Quality over Quantity

Good form is the key to maximum results and Tony Horton harps on this thought throughout the program.  Do we as educators focus more on quality or quantity in our activities and lessons?  I truly believe that if we focus on quantity in the lesson, students will develop bad habits and gaps in their learning.  It is much better for a student to spend 10 minutes on one given task or problem and develop a deeper understanding than it is for the same student to rush through 20 problems at a surface level and have no idea what he just did or why its important.  If we choose to make our focus on developing good quality in our learning, quantity will not be far behind.  Students should know that quality of learning is more important than quantity as well.

Pain is what Makes Us Stronger

In the strength exercises, choosing the right weight and burning through the last 3 reps is what gets results.  Learning is very similar in that learning exists in situations where kids don't know all the answers.  It is where kids struggle in making meaning.  Pushing through the pain is hard and where lots of kids give up.  As their coach, you must coach them through the pain that is associated with learning and when they get through the pain, you must celebrate like you just won the lottery.  Pain is where we push ourselves to a place we have never been.  It hurts, but the results are worth it.  In the E90X classroom, pain and struggle are a normal part of the learning process, and kids can enjoy the exploration involved in the struggle if we make our environment safe.

Chart Your Progress

Every time I do an exercise, I chart my progress on a P90X worksheet.  The first day that I had to write my results down, I was, needless to say, humbled.  After 6 months of doing the program and several times of doing each exercise, I am blown away by how far I have come and that energizes me and takes my mind away from my current limitations.  As educators, we must provide opportunities for students to chart their progress as well.  RtI requires us to chart progress, but it is no benefit to kids if they do not chart their own results.  A suggestion would be to chart progress on individual skills that develop over time rather than grades.  Grades are subjective and don't tell the whole story about learning.  If students own their results and their progress, commitment to your E90X learning program will increase dramatically.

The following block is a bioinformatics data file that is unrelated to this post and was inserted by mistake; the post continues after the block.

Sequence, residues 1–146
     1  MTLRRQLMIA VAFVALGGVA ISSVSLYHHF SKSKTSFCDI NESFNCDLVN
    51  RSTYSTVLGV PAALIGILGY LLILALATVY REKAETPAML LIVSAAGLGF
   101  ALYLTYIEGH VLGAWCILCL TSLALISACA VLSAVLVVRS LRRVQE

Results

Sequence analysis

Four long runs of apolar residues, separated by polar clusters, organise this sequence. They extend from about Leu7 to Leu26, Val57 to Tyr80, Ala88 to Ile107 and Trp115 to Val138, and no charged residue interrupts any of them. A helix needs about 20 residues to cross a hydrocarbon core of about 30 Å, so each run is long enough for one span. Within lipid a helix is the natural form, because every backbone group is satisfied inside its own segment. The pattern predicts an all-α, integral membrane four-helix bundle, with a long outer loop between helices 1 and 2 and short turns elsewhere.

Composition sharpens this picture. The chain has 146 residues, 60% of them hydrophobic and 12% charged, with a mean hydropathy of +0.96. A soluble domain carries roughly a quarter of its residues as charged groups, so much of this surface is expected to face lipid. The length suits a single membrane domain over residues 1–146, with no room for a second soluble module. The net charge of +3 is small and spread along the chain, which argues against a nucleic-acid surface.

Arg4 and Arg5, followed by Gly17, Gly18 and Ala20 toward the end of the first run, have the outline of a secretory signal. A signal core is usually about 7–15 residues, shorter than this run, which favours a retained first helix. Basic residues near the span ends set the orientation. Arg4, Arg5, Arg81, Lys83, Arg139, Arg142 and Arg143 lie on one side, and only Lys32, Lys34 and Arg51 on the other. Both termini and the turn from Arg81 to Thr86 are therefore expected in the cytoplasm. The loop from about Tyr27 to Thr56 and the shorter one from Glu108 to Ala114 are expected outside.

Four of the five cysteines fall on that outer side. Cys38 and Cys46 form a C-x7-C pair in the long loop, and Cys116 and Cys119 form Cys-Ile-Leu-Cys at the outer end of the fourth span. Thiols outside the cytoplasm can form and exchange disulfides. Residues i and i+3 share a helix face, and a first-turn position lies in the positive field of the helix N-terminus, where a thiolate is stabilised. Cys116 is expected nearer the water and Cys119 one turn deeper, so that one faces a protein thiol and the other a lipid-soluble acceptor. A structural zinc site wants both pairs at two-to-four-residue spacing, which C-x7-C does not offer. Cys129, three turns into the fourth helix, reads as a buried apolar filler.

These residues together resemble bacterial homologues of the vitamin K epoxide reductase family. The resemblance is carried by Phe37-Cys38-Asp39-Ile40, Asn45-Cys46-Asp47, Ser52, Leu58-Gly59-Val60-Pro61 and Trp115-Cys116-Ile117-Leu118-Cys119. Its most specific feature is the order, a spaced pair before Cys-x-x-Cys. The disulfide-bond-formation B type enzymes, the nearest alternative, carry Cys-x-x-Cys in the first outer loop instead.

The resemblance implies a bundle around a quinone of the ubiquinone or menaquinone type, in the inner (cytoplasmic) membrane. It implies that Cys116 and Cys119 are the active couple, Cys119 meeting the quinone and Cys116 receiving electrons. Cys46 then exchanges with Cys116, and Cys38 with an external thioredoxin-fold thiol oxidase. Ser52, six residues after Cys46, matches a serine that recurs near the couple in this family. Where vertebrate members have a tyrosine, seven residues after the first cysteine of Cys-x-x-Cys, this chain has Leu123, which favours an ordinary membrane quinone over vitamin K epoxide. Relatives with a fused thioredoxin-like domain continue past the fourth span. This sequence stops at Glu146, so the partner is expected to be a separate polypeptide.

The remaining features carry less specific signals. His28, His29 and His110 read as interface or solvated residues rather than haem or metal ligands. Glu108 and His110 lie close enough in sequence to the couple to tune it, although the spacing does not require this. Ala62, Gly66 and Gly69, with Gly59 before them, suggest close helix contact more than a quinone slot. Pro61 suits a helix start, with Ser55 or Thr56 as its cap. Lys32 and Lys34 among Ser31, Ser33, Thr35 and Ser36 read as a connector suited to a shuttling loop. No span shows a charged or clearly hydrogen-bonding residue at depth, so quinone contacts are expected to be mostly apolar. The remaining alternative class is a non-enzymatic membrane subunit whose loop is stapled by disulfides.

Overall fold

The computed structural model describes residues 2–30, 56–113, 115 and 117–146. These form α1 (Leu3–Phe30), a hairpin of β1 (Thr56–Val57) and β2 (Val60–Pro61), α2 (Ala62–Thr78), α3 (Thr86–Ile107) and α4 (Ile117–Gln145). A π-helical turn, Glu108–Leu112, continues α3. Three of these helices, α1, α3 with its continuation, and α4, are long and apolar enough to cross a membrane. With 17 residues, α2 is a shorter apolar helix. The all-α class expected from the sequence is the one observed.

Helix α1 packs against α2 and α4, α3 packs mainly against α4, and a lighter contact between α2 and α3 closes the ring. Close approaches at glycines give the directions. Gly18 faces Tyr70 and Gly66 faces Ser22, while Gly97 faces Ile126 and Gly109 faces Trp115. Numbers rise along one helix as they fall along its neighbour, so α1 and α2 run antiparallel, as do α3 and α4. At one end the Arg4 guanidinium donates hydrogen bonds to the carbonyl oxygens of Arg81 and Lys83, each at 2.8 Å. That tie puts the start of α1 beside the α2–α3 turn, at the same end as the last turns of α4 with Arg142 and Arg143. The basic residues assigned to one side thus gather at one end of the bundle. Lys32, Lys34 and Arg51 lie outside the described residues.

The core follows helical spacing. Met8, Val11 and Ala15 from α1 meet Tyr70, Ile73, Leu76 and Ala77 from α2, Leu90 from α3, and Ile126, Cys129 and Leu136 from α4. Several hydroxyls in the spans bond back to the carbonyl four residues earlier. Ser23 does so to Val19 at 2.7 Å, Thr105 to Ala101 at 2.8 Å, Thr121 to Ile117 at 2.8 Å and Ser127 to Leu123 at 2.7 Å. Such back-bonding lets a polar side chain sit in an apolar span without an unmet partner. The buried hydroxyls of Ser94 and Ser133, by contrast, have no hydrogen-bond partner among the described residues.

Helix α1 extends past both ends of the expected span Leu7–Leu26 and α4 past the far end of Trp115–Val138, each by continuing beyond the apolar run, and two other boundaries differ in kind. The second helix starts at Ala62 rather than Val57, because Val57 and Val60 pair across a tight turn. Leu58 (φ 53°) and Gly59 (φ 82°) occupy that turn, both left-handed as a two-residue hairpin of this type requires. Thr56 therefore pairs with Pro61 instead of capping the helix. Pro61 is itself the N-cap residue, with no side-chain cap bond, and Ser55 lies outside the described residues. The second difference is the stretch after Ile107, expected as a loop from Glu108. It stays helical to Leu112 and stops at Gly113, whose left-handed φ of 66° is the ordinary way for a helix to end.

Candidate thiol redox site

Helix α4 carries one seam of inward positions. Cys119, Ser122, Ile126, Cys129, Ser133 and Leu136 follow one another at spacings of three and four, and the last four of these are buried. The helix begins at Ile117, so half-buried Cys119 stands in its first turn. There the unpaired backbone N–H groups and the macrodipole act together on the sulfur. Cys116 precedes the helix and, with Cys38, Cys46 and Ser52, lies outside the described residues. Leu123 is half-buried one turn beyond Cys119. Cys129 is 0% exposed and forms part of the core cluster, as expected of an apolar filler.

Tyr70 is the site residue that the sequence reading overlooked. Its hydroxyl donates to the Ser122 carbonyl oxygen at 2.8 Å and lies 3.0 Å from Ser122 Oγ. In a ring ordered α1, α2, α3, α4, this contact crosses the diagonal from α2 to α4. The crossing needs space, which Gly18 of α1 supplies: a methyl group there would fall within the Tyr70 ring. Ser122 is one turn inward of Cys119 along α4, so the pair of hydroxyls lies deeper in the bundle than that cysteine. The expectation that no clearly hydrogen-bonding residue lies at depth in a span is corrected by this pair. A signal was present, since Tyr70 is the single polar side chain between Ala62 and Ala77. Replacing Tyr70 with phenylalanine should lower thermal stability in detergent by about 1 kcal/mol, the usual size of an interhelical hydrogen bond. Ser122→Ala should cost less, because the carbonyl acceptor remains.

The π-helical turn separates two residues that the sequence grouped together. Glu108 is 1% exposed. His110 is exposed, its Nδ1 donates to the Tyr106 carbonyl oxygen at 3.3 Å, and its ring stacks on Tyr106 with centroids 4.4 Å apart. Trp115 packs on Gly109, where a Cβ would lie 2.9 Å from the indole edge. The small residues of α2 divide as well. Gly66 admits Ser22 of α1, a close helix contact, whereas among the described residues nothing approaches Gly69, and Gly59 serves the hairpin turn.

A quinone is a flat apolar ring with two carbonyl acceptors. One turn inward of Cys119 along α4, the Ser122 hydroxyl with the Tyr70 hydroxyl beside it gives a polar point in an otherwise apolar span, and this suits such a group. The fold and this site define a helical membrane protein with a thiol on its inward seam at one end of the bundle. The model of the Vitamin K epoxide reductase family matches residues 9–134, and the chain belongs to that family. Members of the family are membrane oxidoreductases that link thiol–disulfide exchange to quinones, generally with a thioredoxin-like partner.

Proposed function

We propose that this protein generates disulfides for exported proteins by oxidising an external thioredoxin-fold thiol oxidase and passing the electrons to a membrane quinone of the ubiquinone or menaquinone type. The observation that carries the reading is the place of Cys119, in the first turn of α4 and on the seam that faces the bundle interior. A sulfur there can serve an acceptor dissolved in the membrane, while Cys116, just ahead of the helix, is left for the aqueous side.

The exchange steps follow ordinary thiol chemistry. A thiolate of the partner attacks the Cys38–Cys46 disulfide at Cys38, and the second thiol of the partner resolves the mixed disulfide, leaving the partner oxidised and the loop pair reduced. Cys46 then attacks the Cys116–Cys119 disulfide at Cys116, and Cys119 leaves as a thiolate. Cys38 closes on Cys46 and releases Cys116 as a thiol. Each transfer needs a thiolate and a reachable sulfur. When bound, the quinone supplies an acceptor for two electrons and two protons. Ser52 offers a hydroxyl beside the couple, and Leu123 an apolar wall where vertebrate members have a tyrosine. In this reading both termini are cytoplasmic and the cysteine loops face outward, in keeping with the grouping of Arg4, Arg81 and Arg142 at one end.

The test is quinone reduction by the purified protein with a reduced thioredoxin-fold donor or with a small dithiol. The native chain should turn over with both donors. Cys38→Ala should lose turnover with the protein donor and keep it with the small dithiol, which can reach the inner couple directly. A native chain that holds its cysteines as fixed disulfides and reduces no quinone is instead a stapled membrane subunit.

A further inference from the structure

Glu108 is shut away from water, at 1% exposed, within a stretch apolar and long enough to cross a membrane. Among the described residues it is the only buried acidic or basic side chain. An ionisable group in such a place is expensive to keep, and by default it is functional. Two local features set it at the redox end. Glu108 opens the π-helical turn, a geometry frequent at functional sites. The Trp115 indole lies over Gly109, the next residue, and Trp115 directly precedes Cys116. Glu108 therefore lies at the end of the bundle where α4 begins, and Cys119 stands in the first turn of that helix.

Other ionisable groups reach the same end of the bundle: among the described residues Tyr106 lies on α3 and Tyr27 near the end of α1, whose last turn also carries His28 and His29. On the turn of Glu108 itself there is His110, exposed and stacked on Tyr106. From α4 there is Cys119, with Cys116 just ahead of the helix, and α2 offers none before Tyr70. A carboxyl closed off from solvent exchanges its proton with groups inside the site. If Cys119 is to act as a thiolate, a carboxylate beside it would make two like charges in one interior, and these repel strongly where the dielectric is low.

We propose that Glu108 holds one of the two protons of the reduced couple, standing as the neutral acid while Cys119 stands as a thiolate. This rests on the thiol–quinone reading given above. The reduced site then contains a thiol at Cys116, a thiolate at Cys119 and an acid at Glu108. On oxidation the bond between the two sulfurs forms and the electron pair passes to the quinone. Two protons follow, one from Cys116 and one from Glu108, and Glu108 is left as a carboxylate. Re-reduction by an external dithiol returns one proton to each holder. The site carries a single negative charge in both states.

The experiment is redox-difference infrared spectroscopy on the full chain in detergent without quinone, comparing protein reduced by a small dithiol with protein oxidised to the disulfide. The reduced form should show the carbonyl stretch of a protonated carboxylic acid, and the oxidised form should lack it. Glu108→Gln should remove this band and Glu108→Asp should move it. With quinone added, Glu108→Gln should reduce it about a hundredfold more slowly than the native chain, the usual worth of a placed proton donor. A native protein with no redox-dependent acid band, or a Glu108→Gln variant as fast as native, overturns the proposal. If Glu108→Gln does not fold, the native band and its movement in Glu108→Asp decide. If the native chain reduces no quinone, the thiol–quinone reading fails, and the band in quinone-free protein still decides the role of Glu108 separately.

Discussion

Keep Pushing Play

At the end of the 1st DVD, Chest and Back, Tony Horton reminds us that growth is gradual and at times difficult.  He tells us to keep showing up, continue to press play and never give up.  After 6 months of doing the program, I have to admit that it was and still is difficult, but I keep showing up, keep pressing play and never giving up.  As educators, the kids keep showing up because they have to, but do we inspire them to keep pressing the play button and never giving up each time they enter the classroom?  I believe that we must do our best to send that message every day.  It is not our words but our actions that inspire students to keep pressing play and never giving up.  It is our relationships and commitment to them that inspires and motivates students to come back mentally every day. In other words, we must keep pushing play in showing our commitment to them so they will commit to the E90X program.

Give Your Best and Forget the Rest

This phrase is said over and over through out the program.  To me it is the most important thought because my physical improvement is mine and can't be compared to anyone else in the world.  Like many people, I have been intimidated by others who are in better shape than myself, and that fear often stiffled my desire to improve.  I couldn't lift as much, run as fast or perform as well as them so why should I try?  Our classrooms must permeate with the P90X mantra of 'Give Your Best and Forget the Rest'.  There's only one you, and to be your best you have to forget about everyone else in the room.  Educators can't allow the students to feel inferior because they are slower than others in learning.  Learning, just like exercise, is a personal activity, and so there is no room for competition.  To find out if your room meets the criteria as an E90X classroom, gauge the commitment to learning in your kids that struggle the most.  If they are excited, engaged, determined to learn, and most importantly are not phased by the students that are ahead of them, your room is an E90X learning facility.